Environmental Health Ethics illuminates the conflicts between protecting the environment and promoting human health. In this study, David B. Resnik develops a method for making ethical decisions on environmental health issues. He applies this method to various issues, including pesticide use, antibiotic resistance, nutrition policy, vegetarianism, urban development, occupational safety, disaster preparedness and global climate change. Resnik provides readers with the scientific and technical background necessary to understand these issues. He explains that environmental health controversies cannot simply be reduced to humanity versus environment and explores the ways in which human values and concerns - health, economic development, rights and justice - interact with environmental protection.
David B. Resnik, JD, PhD, is Bioethicist at the National Institute of Environmental Health Sciences, National Institutes of Health. Dr Resnik additionally holds the positions of Adjunct Professor of Philosophy at North Carolina State University and Associate Editor of Accountability in Research. He has written eight books and numerous articles on ethical, philosophical and legal issues in science, medicine and technology. He is also Chair of the NIEHS Institutional Review Board, which oversees and reviews research projects that include human participants.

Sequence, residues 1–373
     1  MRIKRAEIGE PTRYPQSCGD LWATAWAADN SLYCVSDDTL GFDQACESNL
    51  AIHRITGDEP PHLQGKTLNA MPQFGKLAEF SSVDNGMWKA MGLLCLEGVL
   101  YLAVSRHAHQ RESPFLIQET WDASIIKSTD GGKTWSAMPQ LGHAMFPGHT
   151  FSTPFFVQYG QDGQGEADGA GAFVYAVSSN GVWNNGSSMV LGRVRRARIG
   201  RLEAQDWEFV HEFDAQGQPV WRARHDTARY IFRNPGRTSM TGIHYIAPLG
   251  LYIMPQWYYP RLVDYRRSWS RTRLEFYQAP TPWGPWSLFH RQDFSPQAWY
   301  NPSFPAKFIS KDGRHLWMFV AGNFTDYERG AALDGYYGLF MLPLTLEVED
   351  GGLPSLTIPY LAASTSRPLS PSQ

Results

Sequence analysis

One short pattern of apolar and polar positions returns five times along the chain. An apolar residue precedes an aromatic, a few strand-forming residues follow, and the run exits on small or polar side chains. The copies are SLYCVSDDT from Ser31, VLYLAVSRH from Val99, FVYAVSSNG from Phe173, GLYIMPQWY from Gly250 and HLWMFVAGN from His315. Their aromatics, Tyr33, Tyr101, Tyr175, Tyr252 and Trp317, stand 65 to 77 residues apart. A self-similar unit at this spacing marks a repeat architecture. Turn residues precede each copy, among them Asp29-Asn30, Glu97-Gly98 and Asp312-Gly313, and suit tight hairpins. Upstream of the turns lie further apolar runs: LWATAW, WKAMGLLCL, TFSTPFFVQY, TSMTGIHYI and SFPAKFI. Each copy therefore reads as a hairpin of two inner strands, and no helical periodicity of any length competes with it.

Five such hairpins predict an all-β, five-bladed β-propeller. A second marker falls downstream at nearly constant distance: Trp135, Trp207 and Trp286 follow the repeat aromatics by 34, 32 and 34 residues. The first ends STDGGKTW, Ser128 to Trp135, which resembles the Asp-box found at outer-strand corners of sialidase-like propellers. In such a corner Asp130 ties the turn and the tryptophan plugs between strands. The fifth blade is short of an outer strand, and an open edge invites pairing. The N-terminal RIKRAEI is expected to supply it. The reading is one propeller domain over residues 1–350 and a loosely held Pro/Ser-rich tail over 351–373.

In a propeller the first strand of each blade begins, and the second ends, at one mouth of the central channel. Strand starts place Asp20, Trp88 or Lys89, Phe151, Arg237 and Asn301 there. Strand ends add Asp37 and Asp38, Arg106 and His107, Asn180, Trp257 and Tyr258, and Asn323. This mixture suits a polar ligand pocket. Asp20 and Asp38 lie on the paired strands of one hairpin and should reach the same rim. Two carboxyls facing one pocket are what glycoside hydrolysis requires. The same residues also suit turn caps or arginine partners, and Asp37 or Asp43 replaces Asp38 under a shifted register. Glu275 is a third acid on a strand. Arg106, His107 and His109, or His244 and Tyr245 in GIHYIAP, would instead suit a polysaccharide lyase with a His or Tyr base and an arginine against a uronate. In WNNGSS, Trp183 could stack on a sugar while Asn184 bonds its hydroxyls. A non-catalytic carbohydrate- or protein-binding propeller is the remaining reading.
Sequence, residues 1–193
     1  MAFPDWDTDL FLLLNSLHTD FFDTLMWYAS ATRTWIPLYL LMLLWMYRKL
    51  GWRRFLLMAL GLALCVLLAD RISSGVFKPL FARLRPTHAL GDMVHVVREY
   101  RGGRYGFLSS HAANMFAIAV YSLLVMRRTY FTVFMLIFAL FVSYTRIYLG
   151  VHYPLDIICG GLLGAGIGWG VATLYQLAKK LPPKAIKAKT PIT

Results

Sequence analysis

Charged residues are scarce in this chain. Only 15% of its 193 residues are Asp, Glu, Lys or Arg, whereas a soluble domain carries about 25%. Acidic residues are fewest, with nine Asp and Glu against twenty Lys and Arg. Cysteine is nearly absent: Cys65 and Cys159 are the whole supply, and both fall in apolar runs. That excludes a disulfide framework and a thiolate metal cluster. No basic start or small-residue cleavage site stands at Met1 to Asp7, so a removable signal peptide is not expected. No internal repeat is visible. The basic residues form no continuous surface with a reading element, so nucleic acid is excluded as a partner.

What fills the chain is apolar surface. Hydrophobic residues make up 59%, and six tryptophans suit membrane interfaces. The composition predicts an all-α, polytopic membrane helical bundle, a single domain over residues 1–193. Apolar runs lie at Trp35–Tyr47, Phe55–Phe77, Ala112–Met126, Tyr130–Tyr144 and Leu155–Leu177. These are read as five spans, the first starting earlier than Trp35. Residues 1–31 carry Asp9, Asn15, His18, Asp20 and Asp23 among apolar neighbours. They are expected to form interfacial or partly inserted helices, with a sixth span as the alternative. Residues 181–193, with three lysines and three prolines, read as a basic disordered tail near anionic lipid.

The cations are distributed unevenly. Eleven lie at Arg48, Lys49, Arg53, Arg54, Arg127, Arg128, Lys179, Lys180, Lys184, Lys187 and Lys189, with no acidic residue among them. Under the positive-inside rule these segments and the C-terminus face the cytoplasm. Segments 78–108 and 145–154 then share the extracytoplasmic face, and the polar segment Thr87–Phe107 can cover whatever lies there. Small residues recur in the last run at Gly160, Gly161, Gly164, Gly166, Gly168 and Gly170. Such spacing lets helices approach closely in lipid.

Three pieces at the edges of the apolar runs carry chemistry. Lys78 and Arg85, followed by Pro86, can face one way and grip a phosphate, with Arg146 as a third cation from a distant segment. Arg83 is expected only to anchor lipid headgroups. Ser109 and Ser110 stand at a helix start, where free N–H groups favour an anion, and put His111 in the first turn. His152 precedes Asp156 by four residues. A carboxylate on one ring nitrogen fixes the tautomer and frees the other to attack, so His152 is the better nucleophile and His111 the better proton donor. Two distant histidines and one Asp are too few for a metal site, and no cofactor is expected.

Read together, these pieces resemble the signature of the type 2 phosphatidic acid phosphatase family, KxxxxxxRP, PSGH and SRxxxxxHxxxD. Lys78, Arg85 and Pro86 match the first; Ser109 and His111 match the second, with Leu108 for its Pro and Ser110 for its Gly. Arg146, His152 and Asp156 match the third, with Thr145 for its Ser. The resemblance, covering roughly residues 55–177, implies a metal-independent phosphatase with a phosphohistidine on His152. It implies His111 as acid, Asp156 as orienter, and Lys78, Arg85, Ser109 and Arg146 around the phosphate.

1. Introduction; 2. An overview of environmental health; 3. Ethical theory; 4. Toward an environmental health ethics; 5. Pest control; 6. Genetic engineering, food, and nutrition; 7. Pollution and waste; 8. The built environment; 9. Climate change, energy, and population; 10. Justice and environmental health; 11. Environmental research involving human participants; 12. Conclusion.